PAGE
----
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dc.contributor.authorGoddard, JT
dc.contributor.authorCranston, N
dc.contributor.authorBillot, J
dc.date.accessioned2013-11-07T00:40:12Z
dc.date.available2013-11-07T00:40:12Z
dc.date.copyright2006
dc.date.issued2013-11-07
dc.identifier.citationThe International Electronic Journal of Leadership in Learning (IEJLL), vol.10(11)
dc.identifier.issn1206-9620
dc.identifier.urihttp://hdl.handle.net/10292/5827
dc.description.abstractIn this article, we explore the challenges – and benefits – of conducting collaborative research on an international scale. The authors – from Australia, Canada, and New Zealand – draw upon their experiences in designing and conducting a three-country study. The growing pressures on scholars to work in collaborative research teams are described, and key findings and reflections are presented. It is claimed that such work is a highly complex and demanding extension to the academic’s role. The authors conclude that, despite the somewhat negative sense that this reflection may convey, the synergies gained and the valuable comparative learning that took place make overcoming these challenges a worthwhile process. The experiences as outlined in this paper suggest that developing understandings of the challenges inherent in undertaking international collaborative research might well be a required component of the professional development opportunities afforded to new scholars.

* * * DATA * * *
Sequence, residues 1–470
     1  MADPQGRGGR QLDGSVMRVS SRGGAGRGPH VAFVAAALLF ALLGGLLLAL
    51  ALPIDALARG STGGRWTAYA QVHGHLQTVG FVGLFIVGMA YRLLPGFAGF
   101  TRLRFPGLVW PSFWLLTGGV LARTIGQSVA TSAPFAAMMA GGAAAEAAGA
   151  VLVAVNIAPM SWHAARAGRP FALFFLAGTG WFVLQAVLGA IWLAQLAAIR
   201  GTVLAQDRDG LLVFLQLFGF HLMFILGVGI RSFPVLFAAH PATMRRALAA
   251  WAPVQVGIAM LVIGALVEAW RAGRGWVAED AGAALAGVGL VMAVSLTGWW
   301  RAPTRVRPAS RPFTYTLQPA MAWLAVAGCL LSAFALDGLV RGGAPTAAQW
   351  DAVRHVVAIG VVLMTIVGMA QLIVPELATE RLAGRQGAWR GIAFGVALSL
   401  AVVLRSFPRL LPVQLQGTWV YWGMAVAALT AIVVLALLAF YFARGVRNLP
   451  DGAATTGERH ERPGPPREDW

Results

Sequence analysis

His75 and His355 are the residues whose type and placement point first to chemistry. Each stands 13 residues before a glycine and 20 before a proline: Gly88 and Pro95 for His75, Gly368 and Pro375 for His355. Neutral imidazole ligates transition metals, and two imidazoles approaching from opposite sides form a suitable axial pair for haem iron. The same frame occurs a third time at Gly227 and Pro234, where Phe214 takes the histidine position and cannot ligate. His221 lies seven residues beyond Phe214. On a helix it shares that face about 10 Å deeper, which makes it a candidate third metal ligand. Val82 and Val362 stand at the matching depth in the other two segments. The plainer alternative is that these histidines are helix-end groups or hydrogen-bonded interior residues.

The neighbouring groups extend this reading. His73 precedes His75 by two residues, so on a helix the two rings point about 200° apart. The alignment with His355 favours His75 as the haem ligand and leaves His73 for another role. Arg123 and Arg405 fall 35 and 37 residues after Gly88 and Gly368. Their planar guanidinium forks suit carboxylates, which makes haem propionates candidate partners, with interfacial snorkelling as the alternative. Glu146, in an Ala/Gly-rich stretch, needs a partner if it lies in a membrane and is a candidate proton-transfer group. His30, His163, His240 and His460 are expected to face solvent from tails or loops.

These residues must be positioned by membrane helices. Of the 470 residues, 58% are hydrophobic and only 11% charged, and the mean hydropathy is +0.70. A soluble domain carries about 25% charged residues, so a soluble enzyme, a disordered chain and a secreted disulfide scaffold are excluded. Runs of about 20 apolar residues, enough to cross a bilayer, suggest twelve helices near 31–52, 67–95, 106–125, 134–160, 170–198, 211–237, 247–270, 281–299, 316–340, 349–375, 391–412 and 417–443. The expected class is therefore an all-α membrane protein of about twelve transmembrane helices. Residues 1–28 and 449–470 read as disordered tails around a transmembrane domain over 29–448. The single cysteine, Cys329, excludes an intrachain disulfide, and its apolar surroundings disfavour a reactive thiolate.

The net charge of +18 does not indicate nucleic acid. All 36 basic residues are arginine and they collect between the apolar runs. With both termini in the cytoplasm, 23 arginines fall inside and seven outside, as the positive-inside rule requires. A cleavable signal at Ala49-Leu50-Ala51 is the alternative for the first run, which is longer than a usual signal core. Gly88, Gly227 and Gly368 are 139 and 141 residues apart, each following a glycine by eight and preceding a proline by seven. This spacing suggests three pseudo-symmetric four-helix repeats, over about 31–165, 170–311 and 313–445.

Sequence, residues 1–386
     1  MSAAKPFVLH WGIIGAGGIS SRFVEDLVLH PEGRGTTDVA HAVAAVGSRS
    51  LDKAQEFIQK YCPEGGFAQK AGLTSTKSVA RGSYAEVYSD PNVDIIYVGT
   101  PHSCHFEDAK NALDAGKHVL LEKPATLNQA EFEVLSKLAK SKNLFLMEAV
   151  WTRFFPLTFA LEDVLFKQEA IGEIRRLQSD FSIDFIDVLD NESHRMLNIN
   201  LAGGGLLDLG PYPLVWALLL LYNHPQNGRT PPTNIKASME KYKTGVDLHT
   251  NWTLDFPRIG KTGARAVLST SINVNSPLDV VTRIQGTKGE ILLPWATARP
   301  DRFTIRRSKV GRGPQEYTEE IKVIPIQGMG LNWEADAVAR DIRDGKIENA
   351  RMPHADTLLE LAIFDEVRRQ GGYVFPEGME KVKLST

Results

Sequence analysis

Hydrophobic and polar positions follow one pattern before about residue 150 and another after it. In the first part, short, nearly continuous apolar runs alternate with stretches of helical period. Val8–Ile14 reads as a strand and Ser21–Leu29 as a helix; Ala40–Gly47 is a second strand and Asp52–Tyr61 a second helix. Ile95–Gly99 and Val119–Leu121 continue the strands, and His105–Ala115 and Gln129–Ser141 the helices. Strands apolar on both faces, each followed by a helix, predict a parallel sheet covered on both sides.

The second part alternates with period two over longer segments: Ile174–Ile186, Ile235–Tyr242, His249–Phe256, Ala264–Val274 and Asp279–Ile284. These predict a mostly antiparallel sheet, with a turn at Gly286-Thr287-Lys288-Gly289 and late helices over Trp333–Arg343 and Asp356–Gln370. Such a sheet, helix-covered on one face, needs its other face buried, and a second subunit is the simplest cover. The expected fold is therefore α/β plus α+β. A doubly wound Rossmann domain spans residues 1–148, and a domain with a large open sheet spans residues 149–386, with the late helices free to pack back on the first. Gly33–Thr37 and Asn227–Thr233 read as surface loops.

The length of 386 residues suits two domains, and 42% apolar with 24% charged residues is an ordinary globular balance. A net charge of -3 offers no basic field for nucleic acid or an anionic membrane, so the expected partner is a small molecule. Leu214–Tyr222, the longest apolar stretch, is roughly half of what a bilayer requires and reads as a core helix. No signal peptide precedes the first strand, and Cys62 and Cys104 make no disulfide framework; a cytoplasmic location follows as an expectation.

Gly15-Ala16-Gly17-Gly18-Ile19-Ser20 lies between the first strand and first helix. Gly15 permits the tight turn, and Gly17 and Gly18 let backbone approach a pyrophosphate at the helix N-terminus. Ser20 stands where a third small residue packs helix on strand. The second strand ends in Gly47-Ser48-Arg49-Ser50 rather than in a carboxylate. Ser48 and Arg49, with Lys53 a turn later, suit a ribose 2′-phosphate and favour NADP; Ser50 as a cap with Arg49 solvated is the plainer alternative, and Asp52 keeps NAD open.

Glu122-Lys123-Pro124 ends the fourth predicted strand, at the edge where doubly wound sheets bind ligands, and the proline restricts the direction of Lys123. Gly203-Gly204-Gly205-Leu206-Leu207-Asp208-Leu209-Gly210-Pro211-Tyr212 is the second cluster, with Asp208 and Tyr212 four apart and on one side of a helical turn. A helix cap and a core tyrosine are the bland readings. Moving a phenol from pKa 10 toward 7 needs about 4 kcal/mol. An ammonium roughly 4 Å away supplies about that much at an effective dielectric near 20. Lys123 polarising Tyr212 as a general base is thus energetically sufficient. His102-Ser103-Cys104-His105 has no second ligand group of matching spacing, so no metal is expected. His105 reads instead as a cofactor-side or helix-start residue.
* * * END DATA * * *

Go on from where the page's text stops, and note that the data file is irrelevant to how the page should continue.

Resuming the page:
dc.languageEnglish
dc.publisherUniversity of Calgary Press
dc.relation.urihttp://iejll.journalhosting.ucalgary.ca/iejll/index.php/ijll/article/view/611
dc.rightsThis work is licensed under a Creative Commons Attribution 3.0 License (http://creativecommons.org/licenses/by/3.0/).
dc.titleMaking it work: identifying the challenges of collaborative international research
dc.typeJournal Article
dc.rights.accessrightsOpenAccess
aut.relation.issue11
aut.relation.volume10
pubs.elements-id13052


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